Hungry for love and it’s feeding time, Alice Cooper wrote in his 1991 classic song, “Feed My Frankenstein.” Academia has created its own Frankenstein with its speech codes, groupthink enforcement, and discouraging of dissent. This Frankenstein isn’t hungry for love – it’s hungry for power. And academics themselves have belatedly discovered that they’re on the menu.
The most recent to find himself not the last up against the wall in this anti-free speech revolution is “Edward Schlosser,” a professor writing under a pseudonym at Vox, for reasons that become apparent almost immediately. Schlosser admits that he lives in fear of students who share his political point of view, and has to change his curriculum continuously to keep from running afoul of their potential for hurt feelings.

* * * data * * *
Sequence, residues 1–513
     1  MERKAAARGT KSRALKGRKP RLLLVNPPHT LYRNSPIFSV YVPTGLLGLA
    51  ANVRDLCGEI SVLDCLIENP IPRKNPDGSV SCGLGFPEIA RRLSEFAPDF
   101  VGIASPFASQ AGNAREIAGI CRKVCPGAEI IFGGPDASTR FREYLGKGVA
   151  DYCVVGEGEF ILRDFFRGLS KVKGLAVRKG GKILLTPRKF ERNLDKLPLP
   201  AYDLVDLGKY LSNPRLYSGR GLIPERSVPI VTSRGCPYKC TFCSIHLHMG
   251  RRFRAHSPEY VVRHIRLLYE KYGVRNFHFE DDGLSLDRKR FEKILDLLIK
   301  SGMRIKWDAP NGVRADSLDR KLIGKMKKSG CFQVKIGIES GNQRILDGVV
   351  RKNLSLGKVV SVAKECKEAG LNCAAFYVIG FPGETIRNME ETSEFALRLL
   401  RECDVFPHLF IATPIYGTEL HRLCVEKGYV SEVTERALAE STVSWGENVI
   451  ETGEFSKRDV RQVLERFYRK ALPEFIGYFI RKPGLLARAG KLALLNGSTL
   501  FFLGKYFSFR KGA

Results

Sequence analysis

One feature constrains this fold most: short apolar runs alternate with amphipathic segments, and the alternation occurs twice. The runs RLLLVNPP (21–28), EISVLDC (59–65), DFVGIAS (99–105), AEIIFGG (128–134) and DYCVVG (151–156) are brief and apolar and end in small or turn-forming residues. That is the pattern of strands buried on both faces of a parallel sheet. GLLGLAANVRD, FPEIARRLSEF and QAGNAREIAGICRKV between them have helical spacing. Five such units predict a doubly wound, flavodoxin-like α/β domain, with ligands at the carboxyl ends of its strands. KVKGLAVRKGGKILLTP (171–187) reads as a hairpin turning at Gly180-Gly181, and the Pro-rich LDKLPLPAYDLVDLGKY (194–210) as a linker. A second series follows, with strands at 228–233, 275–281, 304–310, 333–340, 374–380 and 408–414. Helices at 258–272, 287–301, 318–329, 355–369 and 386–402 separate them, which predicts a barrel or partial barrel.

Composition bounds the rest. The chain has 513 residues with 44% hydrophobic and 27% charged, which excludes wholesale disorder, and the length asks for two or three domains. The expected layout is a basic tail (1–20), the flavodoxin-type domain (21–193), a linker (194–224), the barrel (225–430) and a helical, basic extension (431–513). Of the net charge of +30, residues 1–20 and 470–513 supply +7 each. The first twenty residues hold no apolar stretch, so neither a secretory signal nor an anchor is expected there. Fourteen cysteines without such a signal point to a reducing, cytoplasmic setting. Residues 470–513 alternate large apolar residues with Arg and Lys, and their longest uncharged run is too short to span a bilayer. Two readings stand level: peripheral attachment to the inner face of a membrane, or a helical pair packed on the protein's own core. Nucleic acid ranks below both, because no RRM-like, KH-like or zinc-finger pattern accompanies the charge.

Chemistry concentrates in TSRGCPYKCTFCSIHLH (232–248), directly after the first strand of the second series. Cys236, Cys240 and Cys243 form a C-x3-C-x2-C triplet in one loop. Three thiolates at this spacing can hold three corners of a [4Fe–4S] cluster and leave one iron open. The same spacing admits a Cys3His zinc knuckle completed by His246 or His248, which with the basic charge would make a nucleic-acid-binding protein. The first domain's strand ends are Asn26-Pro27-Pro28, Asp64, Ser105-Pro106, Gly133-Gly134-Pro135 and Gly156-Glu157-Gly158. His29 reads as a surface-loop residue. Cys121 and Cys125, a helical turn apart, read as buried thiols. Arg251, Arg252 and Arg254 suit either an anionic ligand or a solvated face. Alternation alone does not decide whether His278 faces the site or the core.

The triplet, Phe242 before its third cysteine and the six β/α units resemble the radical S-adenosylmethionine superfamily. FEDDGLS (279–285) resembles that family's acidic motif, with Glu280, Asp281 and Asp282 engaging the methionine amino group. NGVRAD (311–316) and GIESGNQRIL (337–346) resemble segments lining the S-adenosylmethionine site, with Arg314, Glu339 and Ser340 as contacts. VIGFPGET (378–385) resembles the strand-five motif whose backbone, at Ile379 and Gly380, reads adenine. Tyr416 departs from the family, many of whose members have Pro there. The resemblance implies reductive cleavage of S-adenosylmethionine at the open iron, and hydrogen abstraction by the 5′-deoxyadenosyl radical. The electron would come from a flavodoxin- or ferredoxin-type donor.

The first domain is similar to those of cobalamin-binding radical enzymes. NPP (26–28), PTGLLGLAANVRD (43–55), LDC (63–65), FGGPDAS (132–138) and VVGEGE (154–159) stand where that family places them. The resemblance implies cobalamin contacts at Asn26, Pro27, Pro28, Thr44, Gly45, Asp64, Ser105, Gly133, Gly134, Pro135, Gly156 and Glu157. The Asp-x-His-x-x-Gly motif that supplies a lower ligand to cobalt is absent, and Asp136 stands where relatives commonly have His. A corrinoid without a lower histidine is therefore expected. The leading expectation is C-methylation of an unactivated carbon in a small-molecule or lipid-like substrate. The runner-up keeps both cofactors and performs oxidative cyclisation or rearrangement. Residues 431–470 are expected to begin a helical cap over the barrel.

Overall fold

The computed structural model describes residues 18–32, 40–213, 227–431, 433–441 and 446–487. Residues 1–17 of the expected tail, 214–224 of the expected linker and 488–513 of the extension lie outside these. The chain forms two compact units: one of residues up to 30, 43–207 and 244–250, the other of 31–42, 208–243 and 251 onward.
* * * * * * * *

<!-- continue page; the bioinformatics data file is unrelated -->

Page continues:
The relationship between students and teachers has changed, he says, thanks to the same hypersensitivity that Academia uses to silence dissent and debate. “The student-teacher dynamic has been reenvisioned along a line that’s simultaneously consumerist and hyper-protective,” Schlosser writes, “giving each and every student the ability to claim Grievous Harm in nearly any circumstance, after any affront, and a teacher’s formal ability to respond to these claims is limited at best.”
In the past, students complaints focused on actual teaching or bias in the classroom, issues which deal with the teacher’s actions and can at least form the basis of coherent criticism of behavior or teaching methods. Now, Schlosser knows that complaints can have little to with objective reality but with how the student perceives it.